Now, your 13 vitamins are A, B1, B2, B3, B6, B7, B9, B12, C, D, E and K. For each vitamin there is a maximum and minimum daily intake guideline, an associated underdose and overdose syndrome, and different food sources. As a general rule unless you are otherwise unhealthy or for some reason cannot physically eat enough food to obtain each of the vitamins or for some strange reason do not have access or are allergic to whole categories of foods you should not need to supplement your vitamin intake. As a matter of fact, Vitamin D can by synthesized by your body under UVB exposure.

The different vitamins all have different effects on the body and prioritizing them, say, to achieve a particular effect over what you would achieve by consuming merely the daily requirement may be one vector by which you can tune your diet to tune your body. For example, I tend to supplement vitamin E in winter and take more foods with vitamin E in the rest of the seasons because it plays a role in regulating mood, and there is a seasonal component to my otherwise regular up-down cycle of biploarity.

In addition to some vitamins being soluble in fat and some being soluble in water, all of the vitamins are affected by cooking and different vitamins respond to different cooking methods in different ways. A fantastic table of these effects is found on wikipedia, but there's a few general rules of thumb: losses are greater for boiling than steaming and with the exception of B2 vitamins are more available to the body in the raw food than after cooking.

Having said that, this isn't an argument that all diets should be raw food diets any more than my personal preference in tuna preparation is that all tuna dishes should be nigirizushi.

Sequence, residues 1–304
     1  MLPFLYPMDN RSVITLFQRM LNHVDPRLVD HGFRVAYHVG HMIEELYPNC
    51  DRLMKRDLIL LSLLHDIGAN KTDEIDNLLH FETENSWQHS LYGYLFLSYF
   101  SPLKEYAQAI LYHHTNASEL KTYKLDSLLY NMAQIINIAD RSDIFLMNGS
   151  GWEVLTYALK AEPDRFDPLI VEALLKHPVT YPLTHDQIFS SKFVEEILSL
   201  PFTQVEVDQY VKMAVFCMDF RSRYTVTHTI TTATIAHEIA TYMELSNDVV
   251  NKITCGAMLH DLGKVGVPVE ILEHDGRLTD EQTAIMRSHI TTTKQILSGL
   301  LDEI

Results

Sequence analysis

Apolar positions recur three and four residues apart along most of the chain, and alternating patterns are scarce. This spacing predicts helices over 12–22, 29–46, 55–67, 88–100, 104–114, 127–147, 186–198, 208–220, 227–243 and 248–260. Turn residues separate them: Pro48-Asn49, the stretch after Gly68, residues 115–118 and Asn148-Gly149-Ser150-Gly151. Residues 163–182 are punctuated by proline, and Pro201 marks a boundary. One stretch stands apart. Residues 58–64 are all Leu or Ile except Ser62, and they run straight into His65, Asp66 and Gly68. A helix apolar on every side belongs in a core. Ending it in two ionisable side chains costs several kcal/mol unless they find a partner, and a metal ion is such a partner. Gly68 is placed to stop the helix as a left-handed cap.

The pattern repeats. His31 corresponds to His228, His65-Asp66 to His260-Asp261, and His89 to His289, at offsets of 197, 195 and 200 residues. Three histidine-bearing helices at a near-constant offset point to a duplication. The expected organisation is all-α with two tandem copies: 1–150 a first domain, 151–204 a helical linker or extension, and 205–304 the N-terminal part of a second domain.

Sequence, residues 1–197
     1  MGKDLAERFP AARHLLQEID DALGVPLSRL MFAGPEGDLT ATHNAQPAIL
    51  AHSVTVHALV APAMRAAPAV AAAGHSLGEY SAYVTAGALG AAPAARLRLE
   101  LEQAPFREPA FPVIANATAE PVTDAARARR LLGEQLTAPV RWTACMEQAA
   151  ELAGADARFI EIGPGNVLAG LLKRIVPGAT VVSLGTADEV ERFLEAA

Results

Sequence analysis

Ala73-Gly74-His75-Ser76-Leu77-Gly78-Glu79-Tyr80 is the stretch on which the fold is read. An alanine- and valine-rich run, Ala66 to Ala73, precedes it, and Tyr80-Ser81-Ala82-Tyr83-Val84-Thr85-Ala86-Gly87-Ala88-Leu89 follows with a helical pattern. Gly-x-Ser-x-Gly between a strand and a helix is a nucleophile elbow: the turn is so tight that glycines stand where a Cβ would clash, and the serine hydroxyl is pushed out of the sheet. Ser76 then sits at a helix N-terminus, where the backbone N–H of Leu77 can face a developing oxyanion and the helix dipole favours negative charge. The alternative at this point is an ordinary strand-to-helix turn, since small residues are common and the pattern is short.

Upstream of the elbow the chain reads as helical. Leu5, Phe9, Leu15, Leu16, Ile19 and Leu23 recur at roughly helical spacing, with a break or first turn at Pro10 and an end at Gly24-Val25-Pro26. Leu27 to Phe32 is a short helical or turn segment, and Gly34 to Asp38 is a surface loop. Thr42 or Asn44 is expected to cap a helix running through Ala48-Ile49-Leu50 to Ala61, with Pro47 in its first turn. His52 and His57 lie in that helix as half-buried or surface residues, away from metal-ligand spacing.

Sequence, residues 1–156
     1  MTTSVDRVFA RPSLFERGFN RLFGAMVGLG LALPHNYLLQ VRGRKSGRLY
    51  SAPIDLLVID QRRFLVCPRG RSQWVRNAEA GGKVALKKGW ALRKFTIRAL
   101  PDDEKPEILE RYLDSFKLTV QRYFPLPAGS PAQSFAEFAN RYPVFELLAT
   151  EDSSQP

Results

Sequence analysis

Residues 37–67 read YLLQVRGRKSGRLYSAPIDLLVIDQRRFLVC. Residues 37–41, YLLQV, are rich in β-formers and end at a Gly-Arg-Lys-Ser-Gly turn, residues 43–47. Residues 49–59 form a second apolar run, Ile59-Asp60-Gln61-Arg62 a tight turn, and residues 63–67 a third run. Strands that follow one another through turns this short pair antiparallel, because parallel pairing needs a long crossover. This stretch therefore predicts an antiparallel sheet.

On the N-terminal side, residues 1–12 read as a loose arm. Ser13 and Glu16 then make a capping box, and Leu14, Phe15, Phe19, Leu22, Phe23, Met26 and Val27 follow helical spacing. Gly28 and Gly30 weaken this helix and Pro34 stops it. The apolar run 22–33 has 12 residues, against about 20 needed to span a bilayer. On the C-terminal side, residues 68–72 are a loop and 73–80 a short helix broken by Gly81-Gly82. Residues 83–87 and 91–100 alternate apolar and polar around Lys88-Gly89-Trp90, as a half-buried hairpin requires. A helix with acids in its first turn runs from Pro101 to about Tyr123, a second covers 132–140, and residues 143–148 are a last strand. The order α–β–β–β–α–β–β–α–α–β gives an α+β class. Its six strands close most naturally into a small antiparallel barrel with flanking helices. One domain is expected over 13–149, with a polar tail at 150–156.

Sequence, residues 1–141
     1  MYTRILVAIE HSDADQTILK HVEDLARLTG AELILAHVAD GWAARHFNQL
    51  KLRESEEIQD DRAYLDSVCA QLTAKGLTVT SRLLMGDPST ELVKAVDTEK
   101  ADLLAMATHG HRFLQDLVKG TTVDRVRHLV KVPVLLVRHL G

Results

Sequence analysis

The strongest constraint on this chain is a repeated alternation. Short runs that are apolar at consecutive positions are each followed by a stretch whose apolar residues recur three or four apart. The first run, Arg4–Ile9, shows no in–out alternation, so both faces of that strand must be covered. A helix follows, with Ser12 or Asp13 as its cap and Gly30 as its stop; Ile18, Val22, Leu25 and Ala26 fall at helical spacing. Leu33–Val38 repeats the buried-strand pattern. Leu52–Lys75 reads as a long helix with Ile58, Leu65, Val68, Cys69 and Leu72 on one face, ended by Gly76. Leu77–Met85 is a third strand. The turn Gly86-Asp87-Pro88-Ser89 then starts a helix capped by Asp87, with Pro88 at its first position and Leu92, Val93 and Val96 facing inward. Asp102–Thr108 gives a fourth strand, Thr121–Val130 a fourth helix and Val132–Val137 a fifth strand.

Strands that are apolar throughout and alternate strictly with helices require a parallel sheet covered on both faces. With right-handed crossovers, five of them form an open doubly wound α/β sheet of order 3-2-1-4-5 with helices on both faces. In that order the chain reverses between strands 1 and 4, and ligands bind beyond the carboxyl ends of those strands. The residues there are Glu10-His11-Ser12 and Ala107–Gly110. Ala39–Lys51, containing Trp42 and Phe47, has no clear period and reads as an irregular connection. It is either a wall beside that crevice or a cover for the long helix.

Rocking On

After your vitamins come your minerals, which can be divided into two categories based basically upon bodily need, your macrominerals and your trace elements. For the vast majority of these elements, your body really wants the ions. Fortunately, ionization happens readily in aqueous solution and your body is 70% water for the ions to be dissolved into so we've got that part covered. Excess minerals are among the excreted substances in urine which a humorous person could suppose would allow you to call your urinary tract an ion cannon but I personally think we're above bathroom humour here.

Your macrominerals are: calcium (important for bone health), Chlorine (more specifically, chloride ions), Magnesium (which is particular important as Magnesium is a key component of ATP which is the chemical that transfers energy around your body); Phosphorous (in ATP, DNA, and Bones); Potassium (regulating electrolyte balance), Sodium (which your body needs because it is used in muscle control which is kind of important for things like having a heart-rate and, you know, doing things); and Sulfur, which is a component of pretty much all of the amino acids both essential and otherwise.

Now, you can overconsume the macro-minerals and sodium over-consumption is particularly problematic which is why it's one of those nasty words and why you're seeing so many processed foods bragging about low sodium content. If you're otherwise healthy, however, there's no good reason to remove it from your diet completely, but you may want to stay below about 2.5 grams per day which is quite a bit more than you need but still below the range where it causes hypertension.